Gross creepy-crawly inspires robot design

The fact that that U.S. cockroaches (Periplaneta americana) can ooze their way into rooms or cupboards through the smallest cracks, and hide in tiny crevices, freaks Americans out on some primal level. That the critters can then run at top speed, even when flattened out, is just bug icing on the cake.

But to one researcher, that’s just amazing engineering worthy of repeat in rescue robots hunting through rubble for survivors of earthquakes, tornadoes, and other disasters.

“What’s impressive about these cockroaches is that they can run as fast through a quarter-inch gap as a half-inch gap, by reorienting their legs completely out to the side,” says Kaushik Jayaram, Ph.D., a UC Berkeley grad now a postdoctoral fellow at Harvard University. “They’re about half an inch tall when they run freely, but can squish their bodies to one-tenth of an inch — the height of two stacked pennies.” Roaches running along crevices can survive and navigate up to 900 times their body weight without harm.

Inspired by the bug, Jayaram came up with a cheap, palm-sized robot that  when squished can splay its legs outward. He capped it with a plastic shield, to mimic the wings covering a roach’s back. The result is CRAM, for compressible robot with articulated mechanisms. The bastard can wiggle into and traverse crevices half its height.

“In the event of an earthquake, first responders need to know if an area of rubble is stable and safe, but the challenge is, most robots can’t get into rubble,” said Robert Full, a professor of integrative biology at UC Berkeley. “But if there are lots of cracks and vents and conduits, you can imagine just throwing a swarm of these robots in to locate survivors and safe entry points for first responders.”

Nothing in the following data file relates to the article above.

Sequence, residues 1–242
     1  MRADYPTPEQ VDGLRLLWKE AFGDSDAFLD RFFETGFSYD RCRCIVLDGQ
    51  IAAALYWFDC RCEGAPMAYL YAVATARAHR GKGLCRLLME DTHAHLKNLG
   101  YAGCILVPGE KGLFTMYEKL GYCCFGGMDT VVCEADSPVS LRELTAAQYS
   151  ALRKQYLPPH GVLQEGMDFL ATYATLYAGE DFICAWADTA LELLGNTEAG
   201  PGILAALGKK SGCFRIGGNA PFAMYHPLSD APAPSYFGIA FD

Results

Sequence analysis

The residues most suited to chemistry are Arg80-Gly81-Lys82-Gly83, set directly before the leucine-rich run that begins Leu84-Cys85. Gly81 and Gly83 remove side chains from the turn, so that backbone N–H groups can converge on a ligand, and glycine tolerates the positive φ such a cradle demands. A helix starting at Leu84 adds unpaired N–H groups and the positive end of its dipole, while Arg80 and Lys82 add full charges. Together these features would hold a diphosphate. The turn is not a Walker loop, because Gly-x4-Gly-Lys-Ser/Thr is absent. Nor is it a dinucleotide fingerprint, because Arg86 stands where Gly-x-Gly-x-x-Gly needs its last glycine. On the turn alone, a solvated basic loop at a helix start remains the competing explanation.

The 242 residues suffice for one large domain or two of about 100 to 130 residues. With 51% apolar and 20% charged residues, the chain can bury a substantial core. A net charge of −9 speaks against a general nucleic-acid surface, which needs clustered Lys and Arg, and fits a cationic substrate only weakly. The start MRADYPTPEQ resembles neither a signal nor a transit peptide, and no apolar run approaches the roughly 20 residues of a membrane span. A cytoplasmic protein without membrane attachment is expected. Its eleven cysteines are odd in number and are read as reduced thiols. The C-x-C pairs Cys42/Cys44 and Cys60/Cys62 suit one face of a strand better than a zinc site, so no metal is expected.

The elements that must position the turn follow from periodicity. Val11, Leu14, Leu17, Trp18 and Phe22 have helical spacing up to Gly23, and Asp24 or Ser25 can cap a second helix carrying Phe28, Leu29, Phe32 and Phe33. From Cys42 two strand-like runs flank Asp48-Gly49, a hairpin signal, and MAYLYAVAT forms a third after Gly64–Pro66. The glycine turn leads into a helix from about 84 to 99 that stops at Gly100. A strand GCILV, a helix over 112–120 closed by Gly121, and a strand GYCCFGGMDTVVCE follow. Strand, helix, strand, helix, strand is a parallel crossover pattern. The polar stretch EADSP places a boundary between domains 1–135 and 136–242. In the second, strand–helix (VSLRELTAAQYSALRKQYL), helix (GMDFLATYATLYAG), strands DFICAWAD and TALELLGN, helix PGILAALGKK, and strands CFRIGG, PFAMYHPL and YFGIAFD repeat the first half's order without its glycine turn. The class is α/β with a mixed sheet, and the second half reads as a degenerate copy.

Jayaram built the model robot using an origami-like manufacturing technique, now available as an inexpensive kit made by Dash Robotics — a commercial spin-off from previous robotic work at UC Berkeley. Now, more robust versions will be needed for real-world testing.

“This is only a prototype, but it shows the feasibility of a new direction using what we think are the most effective models for soft robots, that is, animals with exoskeletons,” Full said. “Insects are the most successful animals on earth. Because they intrude nearly everywhere, we should look to them for inspiration as to how to make a robot that can do the same.”

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